Belkin’s WeMo home automation firmware that’s in use in several IoT devices has recently been found vulnerable to an SQL injection.
Belkin’s WeMo home automation firmware that’s in use in its light bulbs, switches, security cameras, coffee makers and room heaters has recently been found vulnerable to an SQL injection.
The hack allows root privileges to a third party, which already has access to the devices’ local network.
Researchers at Virginia based Invincea Labs discovered the vulnerability and also warned of a related knock on exploit path which allows for compromise of the Android device used to control the Belkin home automation systems.
Scott Tenaglia, Research Director at Invincea stated that the flaws were previously unknown and not linked to earlier flaws in the WeMo home automation products.
Invincea Labs privately disclosed the flaws on Thursday the 11th of August with Belkin publicly announcing the vulnerability the next day.
On September the 1st, Belkin released a patch, which remedied the code injection vulnerability on the Android app. A further patch was released by Belkin to fix the WeMo appliances on November the 1st
It’s unknown how many WeMo products are vulnerable to this particular weakness, however, in 2015 it was reported that Belkin WeMo had approximately 1.5 million products in use.
Researchers at Invincea stated that every one of their devices that allow for remote control or administration is vulnerable to the attack.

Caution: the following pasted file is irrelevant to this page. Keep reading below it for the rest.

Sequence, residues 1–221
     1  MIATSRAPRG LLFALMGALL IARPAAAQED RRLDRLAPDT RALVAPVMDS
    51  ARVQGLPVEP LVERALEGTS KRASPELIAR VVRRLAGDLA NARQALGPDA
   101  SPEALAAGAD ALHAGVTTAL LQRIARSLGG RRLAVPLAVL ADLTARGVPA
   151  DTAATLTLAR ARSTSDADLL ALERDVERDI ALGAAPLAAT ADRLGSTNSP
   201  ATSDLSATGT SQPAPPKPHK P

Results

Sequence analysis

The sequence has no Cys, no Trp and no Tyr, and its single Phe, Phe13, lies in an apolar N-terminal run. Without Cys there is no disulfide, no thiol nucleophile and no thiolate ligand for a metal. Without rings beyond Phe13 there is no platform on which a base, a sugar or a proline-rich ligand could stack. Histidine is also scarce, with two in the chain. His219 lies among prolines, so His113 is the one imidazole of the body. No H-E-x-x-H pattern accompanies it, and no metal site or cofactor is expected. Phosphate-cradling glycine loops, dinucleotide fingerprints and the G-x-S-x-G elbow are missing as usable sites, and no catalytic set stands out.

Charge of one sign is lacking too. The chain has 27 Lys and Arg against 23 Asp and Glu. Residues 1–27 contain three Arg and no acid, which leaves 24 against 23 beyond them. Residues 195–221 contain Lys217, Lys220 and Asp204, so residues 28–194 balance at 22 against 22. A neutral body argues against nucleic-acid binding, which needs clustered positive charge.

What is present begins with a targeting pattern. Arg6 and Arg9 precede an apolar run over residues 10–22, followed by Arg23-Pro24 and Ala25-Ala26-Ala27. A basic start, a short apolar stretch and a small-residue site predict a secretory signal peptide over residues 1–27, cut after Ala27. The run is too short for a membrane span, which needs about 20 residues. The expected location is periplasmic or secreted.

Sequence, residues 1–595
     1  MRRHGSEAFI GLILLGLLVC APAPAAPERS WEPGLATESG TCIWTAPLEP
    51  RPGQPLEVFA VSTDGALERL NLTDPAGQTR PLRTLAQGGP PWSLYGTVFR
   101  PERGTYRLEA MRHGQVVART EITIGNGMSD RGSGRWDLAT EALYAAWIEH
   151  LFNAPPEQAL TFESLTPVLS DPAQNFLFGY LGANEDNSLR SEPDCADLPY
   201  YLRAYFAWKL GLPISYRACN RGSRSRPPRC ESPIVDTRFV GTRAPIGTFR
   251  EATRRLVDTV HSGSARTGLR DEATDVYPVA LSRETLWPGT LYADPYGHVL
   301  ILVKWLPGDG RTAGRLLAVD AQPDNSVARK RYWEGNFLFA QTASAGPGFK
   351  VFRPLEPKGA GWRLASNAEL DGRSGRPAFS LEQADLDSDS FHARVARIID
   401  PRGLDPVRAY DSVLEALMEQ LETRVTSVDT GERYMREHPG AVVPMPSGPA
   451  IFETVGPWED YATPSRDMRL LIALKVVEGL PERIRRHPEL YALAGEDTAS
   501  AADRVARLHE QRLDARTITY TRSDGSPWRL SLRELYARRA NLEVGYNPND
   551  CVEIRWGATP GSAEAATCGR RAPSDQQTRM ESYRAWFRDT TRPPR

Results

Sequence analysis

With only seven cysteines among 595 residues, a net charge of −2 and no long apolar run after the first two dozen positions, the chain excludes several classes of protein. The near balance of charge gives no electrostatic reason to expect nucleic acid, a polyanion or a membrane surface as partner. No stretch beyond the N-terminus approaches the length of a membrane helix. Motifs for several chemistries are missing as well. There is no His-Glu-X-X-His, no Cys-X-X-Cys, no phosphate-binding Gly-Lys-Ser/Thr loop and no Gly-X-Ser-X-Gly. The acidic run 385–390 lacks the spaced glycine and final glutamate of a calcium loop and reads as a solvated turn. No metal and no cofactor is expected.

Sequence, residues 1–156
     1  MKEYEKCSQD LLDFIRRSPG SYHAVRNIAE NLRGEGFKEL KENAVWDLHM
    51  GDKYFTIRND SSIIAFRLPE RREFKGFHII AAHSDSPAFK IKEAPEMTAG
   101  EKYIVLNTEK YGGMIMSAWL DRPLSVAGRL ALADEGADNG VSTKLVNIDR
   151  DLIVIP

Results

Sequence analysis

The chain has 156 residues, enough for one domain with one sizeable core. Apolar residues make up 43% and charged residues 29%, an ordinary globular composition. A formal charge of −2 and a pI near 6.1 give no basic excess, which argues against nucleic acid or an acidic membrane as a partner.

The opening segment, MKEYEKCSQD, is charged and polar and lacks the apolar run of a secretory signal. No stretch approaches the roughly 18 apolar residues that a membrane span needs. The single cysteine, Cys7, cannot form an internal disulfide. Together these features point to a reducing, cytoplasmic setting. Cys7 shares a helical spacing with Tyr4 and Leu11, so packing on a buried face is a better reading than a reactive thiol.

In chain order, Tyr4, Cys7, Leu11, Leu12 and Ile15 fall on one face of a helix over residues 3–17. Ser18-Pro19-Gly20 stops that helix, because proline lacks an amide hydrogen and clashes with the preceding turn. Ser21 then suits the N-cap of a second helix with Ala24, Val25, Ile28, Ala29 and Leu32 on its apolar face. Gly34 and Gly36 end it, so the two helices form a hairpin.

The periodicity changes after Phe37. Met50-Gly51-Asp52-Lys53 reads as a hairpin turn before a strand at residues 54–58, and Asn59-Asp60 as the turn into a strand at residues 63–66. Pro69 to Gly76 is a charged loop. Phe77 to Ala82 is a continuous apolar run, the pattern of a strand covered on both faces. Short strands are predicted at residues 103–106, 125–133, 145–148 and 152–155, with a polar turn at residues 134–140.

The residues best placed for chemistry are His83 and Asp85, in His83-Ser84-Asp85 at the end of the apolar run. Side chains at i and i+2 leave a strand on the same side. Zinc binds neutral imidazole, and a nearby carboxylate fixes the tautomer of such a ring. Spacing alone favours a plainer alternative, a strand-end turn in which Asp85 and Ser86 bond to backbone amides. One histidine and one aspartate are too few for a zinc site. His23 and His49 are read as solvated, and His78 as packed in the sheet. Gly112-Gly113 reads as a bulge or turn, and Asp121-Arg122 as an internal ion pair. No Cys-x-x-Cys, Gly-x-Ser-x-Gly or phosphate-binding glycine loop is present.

In order to exploit this particular set of vulnerabilities, a malicious actor would first have to gain access to the local network where the smart devices were located. They would then have to leverage the shared network infrastructure in order to move the malicious code from their entry point to the vulnerable devices.
According to Tenaglia “The goal of the attacker is to hop from one device – a PC that can be later disinfected – to another device that can’t be protected – such as an IoT device,”. He then went on to explain, “Once the attacker has access to the IoT device they can do whatever they want from downloading Mirai-type malware for creating a botnet or just control the device in question. They can also infect or re-infect any PC on the same network with malware of their choice.”
Invincea Labs tested their concept by infecting a WeMo device with a malicious PowerShell script and from there open a telnet connection on the device and have it supply a root shell to requesters.
Tenaglia also stated that once infected the device could be configured to deny requests to patch the system and default setting reset attempts unless patched with the recently released firmware update.
Once the access had been granted the researchers found that the attack could progress to target Android devices running the WeMo app used to control the home automation devices.
“This is the first time anyone has discovered a way for IoT devices to hack your phone”, according to Tenaglia.
Utilizing the hack in the lab environment Tenaglia reported that they were able to both access the photo gallery on the phone as well as activate the GPS beaconing system, allowing third parties to track and locate the device.
“All this hack allows us to do is run code in the context of the WeMo app. We do not have root access to the phone,” Tenaglia said. Furthermore, access to the Android device is limited to only when the app is active or running in memory on the phone. Once the WeMo remote app is shut down, access is terminated. “What we have is an in-memory infection. The code does not persist on the phone when you force quit the app. Howeverthe name of the device is still that malicious string. So when you connect to that device again the reinfection occurs,”